Multi-stage builds are a great way to keep the size of the resulting image down. They are extremely useful if you want to use scratch-based images for your application.

The common usage pattern for multi-stage builds is as follows:

FROM alpine:3.13 AS build
WORKDIR /build
RUN apk --no-cache add build-base build-dependencies-go-here
COPY source.c source.c
RUN gcc -static source.c -o binary

FROM scratch
COPY --from=build /build/binary /binary
CMD ["/binary"]

This creates two images: the intermediate one (“build”) and the “real” one. The first one contains the build system, all necessary compile-time dependencies, the source code, etc. The destination image contains only the resulting binary.

The great thing about multi-stage builds is that you can sacrifice the size of the intermediate image for Dockerfile readability and better usage of the build cache: you don’t need to run everything in a single RUN instruction. You can create as many layers as necessary. For example, one layer can contain the build system, the second one — build dependencies, the third one — sources, the fourth one — intermediate build files, the fifth one — the linked binary. If something fails during the compilation stage, Docker will still use the cache to avoid downloading the build system and compile-time dependencies.

However, I have recently found a limitation of copying files between the stages: COPY ignores all extended file attributes.

First of all, why are they useful and why you may want to use them? In 90% of cases, you probably don’t need them, but when you do, this is probably because of the security requirements.

If your application needs for some reasons use the host networking and you need to bind to a privileged port, you usually to need your application as root. After initialization is complete, such applications usually drop their privileges and switch to a non-privileged user account. However, quite often, you can do without root privileges. Linux has a concept of capabilities, which can be independently enabled or disabled. If the only privileged thing your application needs is to bind to a privileged port, it could be enough to have just CAP_NET_BIND_SERVICE capability and don’t run as root. But how is this possible?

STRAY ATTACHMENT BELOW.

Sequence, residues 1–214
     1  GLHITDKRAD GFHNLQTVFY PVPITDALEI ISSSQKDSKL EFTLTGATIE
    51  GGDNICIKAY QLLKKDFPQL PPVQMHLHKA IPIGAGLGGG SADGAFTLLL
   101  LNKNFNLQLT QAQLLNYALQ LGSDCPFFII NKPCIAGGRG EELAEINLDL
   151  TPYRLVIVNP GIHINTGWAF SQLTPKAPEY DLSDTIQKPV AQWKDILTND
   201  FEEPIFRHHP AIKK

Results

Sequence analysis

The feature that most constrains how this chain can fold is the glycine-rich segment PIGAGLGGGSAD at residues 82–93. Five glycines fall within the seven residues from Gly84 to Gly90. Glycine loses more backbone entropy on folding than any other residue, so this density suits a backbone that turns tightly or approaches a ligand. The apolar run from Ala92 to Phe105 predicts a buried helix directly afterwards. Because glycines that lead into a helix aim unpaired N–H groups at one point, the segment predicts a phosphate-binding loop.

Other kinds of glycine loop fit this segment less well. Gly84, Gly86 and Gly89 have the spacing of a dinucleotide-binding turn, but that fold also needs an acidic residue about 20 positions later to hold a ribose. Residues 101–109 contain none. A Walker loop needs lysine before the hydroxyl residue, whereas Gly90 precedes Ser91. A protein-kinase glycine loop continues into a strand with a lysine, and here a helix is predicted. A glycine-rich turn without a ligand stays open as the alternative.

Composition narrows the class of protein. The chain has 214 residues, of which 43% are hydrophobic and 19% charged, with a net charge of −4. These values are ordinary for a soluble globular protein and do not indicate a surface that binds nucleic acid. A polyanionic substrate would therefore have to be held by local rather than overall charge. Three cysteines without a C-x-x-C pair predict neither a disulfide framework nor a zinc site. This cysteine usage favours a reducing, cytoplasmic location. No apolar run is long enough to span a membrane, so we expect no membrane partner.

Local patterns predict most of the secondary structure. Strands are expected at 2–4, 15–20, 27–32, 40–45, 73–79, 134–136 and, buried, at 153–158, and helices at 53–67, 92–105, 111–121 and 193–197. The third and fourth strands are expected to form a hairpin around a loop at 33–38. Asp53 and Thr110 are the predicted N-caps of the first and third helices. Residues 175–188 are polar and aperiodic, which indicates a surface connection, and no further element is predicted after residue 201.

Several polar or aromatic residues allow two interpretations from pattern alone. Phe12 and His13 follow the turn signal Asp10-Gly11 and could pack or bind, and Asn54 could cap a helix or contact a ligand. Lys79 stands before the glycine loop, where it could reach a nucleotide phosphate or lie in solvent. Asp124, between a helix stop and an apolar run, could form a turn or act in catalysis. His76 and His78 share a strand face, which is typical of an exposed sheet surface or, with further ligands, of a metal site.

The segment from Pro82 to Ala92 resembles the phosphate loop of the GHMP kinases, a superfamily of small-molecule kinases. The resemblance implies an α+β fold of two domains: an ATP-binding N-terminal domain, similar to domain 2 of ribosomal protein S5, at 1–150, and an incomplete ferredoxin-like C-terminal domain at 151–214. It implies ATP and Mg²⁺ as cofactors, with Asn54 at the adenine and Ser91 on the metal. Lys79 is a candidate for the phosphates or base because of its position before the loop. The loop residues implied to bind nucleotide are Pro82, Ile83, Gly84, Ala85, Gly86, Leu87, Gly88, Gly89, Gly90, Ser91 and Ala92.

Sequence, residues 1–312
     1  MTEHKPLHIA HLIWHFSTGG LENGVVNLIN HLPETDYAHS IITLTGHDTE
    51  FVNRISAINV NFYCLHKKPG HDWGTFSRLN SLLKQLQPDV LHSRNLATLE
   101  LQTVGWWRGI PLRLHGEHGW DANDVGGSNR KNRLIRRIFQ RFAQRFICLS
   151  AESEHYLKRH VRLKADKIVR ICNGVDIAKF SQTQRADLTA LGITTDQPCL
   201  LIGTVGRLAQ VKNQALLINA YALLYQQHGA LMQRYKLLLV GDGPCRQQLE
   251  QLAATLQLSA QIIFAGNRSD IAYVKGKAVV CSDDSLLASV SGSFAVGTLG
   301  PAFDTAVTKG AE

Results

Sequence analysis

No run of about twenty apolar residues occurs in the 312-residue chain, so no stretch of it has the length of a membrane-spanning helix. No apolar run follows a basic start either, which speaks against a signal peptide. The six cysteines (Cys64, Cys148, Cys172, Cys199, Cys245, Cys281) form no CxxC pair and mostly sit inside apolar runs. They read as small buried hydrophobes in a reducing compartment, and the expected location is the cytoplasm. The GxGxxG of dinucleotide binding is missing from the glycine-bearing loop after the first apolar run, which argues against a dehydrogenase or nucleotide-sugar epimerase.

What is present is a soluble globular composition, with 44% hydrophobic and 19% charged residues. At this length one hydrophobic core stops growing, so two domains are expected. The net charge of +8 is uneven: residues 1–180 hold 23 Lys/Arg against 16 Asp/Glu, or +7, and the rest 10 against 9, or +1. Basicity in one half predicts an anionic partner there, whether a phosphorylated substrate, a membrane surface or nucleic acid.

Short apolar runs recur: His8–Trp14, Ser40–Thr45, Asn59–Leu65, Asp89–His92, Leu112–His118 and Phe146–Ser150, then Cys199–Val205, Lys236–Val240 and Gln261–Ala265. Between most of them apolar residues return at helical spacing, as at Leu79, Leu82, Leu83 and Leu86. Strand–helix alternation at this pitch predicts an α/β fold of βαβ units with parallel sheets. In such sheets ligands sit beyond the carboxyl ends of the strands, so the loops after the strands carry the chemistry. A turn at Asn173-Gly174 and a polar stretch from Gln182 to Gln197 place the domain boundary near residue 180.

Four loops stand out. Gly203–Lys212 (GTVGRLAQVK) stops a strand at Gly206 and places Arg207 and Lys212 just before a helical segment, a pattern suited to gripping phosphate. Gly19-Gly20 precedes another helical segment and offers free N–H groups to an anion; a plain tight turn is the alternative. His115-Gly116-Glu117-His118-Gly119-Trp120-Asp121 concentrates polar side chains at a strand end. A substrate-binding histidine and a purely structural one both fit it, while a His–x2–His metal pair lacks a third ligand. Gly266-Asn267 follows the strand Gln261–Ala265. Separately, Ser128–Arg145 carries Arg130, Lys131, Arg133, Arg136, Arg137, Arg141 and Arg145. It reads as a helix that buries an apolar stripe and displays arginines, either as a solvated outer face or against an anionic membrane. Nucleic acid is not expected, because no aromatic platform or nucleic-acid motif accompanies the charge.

There is a setcap program that can set file capabilities. For example, to set the CAP_NET_BIND_SERVICE capability, you can run it like this:

setcap cap_net_bind_service=ep your-binary

Under the hood, setcap uses cap_set_file() to set the capabilities; cap_set_file() stores them in the extended file attributes under the security.capability key.

Consider the following Dockerfile:

FROM alpine:3.13 AS build
RUN apk add --no-cache libcap
RUN touch /test.txt
RUN setcap cap_net_bind_service=ep /test.txt
RUN getcap /test.txt

FROM alpine:3.13 as target
RUN apk add --no-cache libcap
COPY --from=build /test.txt /test.txt
RUN getcap /test.txt

The build stage creates test.txt, sets the CAP_NET_BIND_SERVICE capability, and verifies that the capability has been set.

The target stage copies the file from the build stage and verifies that the capability is still there.

If you build the image, you will see something like this:

Step 1/9 : FROM alpine:3.13 AS build
 ---> 6dbb9cc54074
Step 2/9 : RUN apk add --no-cache libcap
 ---> Running in ba84c379d829
(1/1) Installing libcap (2.46-r0)
Executing busybox-1.32.1-r6.trigger
OK: 6 MiB in 15 packages
Removing intermediate container ba84c379d829
 ---> 63981d74e1c7
Step 3/9 : RUN touch /test.txt
 ---> Running in 88f7a0a68ffd
Removing intermediate container 88f7a0a68ffd
 ---> 3141f87d2515
Step 4/9 : RUN setcap cap_net_bind_service=ep /test.txt
 ---> Running in ac5ef21dd5ab
Removing intermediate container ac5ef21dd5ab
 ---> b4b644cb8895
Step 5/9 : RUN getcap /test.txt
 ---> Running in ca6e66b96b62
/test.txt cap_net_bind_service=ep
Removing intermediate container ca6e66b96b62
 ---> b6f1e8d41018
Step 6/9 : FROM alpine:3.13 as target
 ---> 6dbb9cc54074
Step 7/9 : RUN apk add --no-cache libcap
 ---> Running in 66416797eca3
(1/1) Installing libcap (2.46-r0)